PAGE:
Scientific Understanding of Consciousness
Consciousness as an Emergent Property of Thalamocortical Activity

Reticular Formation

The reticular formation is a tangled, densely packed cluster of nerve cells containing mostly gray matter inter­laced with fibers of white matter. It is an anatomical region about the size of a little finger, extending through the central core of the brainstem, from the upper spinal cord, through the medulla oblongata and pons, into the midbrain. For the most part, the reticular formation is not distinctly identifiable as a discrete system of CNS nuclei. Rather, it communicates, via networks of interneurons with (1) afferent sensory pathways that course through this ana­tomical region, (2) sensory nuclei and motoneuronal cell groups located in the brainstem, and (3) neural pathways that operate through the autonomic nervous system. In addition, the reticular formation has elaborate connections with the thalamus and hypothalamus. (Schneck & Berger; Music Effect, 84)

 A single nerve trunk (e.g. the auditory nerve) contains about 30,000 total sensory nerve fibers. At 400 impulses per second a 30-thousand nerve-fiber trunk would produce an information flow into the CNS of about 12 million bits per second. (Schneck & Berger; Music Effect, 83)

 The interneurons of the reticular formation are very short, allowing messages to be relayed quickly from one nerve cell to the next. This allows it to function as sieve, continuously sifting through the mass of incoming data. Only those sensory inputs that the neural hardwiring construes to be essential, unusual, possibly dangerous, and/or in some sense "action-provoking" are passed along for further processing and forwarding to the higher levels of the brain. (Schneck & Berger; Music Effect, 84)

Reticular formation in the brain stem, a region involved in arousal, alertness, and vigilance. (LeDoux; Synaptic Self, 244)

Reticular formation neurons in the caudal ponds and medulla oblongata generally serve a premotor function in the sense that they integrate feedback sensory signals with executive commands from the upper motor neurons and deep cerebellum nuclei and, in turn, organize the efferent activities of lower visceral motor and certain somatic motor neurons in the brainstem and spinal cord. (Purves; Neuroscience, 398)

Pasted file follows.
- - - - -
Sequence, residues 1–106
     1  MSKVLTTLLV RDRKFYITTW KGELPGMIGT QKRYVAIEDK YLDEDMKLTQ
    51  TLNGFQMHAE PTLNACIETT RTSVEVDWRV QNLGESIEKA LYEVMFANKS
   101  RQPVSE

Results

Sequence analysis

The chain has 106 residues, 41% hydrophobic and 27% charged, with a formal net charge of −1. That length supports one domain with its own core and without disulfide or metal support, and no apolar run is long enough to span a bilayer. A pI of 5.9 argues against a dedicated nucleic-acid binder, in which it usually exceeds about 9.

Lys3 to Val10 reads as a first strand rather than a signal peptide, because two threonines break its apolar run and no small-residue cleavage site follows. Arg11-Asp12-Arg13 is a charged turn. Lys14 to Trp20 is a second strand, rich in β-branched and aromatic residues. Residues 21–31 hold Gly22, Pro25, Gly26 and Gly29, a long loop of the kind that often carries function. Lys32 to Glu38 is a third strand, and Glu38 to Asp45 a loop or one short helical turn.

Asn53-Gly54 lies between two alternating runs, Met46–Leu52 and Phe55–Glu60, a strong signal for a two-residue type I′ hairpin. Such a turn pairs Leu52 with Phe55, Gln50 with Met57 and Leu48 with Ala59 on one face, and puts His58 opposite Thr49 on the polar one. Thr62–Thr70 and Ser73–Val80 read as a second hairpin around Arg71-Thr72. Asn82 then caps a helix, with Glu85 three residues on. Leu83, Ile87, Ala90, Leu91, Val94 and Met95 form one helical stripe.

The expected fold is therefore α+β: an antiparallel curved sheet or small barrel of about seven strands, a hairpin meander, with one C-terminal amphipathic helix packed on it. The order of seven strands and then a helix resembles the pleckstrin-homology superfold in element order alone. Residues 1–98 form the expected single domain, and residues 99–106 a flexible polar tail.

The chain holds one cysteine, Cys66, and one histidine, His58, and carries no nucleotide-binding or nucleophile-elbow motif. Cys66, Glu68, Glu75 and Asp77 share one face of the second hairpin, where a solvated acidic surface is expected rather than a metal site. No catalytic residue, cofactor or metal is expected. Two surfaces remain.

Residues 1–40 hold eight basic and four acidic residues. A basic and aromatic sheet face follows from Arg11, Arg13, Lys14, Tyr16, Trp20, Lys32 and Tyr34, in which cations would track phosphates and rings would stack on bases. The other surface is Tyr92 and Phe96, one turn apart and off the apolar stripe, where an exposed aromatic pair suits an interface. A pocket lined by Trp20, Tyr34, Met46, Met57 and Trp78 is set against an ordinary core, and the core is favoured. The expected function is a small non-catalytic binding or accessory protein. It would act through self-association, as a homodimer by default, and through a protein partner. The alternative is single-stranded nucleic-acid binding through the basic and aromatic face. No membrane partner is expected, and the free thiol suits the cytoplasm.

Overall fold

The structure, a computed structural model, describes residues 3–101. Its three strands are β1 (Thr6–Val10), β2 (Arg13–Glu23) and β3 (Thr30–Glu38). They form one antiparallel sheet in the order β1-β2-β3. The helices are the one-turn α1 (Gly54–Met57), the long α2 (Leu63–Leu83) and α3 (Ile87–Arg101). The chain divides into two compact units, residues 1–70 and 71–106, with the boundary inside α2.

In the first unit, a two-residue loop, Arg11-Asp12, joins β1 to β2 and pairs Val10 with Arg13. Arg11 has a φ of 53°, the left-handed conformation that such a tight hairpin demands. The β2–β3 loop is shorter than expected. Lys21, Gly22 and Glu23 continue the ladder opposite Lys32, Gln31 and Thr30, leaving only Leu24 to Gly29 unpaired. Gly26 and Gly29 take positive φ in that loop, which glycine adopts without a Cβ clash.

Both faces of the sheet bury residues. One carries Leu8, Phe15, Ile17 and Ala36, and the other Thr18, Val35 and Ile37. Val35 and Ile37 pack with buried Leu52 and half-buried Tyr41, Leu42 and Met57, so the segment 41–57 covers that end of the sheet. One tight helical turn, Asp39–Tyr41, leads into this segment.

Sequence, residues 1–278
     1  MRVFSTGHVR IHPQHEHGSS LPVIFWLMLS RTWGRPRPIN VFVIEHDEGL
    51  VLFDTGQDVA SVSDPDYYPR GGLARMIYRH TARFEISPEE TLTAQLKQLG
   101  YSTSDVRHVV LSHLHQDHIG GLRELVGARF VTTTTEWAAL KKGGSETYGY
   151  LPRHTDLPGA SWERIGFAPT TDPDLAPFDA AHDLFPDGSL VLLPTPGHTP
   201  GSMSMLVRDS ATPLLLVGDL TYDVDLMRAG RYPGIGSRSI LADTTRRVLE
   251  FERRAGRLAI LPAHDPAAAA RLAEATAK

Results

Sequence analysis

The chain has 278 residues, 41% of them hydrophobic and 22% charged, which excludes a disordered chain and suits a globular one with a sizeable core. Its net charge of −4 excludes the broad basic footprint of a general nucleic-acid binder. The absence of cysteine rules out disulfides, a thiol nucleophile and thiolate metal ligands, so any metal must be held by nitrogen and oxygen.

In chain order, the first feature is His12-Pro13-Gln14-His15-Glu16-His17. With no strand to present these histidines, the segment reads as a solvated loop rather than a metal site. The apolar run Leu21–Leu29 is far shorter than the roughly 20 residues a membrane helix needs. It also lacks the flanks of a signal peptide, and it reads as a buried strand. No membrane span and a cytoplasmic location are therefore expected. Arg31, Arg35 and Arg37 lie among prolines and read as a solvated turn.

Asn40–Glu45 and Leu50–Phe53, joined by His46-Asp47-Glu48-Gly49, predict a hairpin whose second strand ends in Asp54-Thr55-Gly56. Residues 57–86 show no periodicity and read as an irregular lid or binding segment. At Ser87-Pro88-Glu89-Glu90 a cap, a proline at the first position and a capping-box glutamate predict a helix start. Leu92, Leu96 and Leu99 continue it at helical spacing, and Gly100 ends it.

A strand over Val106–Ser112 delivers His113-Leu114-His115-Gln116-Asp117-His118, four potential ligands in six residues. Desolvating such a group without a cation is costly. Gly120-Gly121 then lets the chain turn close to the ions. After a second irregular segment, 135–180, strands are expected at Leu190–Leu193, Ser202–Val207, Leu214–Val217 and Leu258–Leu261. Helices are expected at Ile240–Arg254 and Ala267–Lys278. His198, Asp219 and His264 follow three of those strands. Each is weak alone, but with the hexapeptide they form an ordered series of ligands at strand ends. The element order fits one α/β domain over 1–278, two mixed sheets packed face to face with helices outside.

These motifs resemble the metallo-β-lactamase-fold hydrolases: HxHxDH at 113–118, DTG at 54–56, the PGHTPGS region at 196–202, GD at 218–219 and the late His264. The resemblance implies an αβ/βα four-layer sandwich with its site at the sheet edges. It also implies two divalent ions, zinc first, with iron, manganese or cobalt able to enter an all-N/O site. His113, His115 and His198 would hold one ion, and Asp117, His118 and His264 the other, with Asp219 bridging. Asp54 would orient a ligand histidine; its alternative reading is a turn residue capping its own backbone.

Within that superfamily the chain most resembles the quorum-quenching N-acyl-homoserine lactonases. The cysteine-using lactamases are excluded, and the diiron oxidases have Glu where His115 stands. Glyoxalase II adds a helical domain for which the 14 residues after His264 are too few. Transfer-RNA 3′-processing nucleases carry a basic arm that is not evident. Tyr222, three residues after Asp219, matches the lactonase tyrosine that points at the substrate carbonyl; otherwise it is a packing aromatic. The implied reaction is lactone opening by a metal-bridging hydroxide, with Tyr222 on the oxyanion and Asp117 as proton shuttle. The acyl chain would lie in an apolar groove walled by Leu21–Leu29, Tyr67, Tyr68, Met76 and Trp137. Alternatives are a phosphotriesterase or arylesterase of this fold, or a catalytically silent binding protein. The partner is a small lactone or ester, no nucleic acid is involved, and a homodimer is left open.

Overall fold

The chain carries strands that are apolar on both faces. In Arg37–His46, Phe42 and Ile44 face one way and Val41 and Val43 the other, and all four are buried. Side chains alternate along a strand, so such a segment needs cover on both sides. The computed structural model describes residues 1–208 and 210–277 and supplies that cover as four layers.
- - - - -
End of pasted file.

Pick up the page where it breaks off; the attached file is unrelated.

Examples of this coordination of firing patterns include the smaller neurons that coordinate a broad range of motor activities that organize mastication, facial expressions, and a variety of reflexive orofacial behaviors such as sneezing, decoupling, yawning, and swallowing.  (FAPs) (Purves; Neuroscience, 398)

The reticular formation is best viewed as a heterogeneous collection of distinct neuronal clusters in the brainstem tegmentum that either modulate the excitability of distant neurons in the fore­brain and spinal cord, or coordinate the firing patterns of more local lower motor neuronal pools engaged in reflexive or stereotypical (FAPs) somatic motor and visceral motor behavior. (Purves; Neuroscience, 399)

The level of any conscious state in the brain rises and falls in response to the degree of electrochemical activation supplied by the reticular formation in the brainstem.  Overall brain activation level changes about 10 - 20% during sleep.  Consciousness is exquisitely sensitive to even slight changes in activation level.  A significant amount of information processing occurs even while we are completely unaware of it as in sleep. (Hobson, Consciousness, 67)

 The reticular formation influences the conscious mind not only by changing the level of activation but also by modulating the neural inputs and outputs, especially those arising and emanating from the spinal cord.  By altering the tension in our muscles and by focusing our internal awareness on one channel of data or another, we can transition into a more peaceful conscious state.  In this way we bring the reticular formation partially under the control of our will, probably via the prefrontal cortex. (Hobson, Consciousness, 68)

 The reticular formation begins in the medulla, just above the level of the spinal cord. The medulla programs many autonomic functions essential for consciousness as well as organizing posture and controlling head and neck positions.  The ponds and midbrain are the very center of the reticular system because they coordinate activation of the higher brain structures. (Hobson, Consciousness, 69)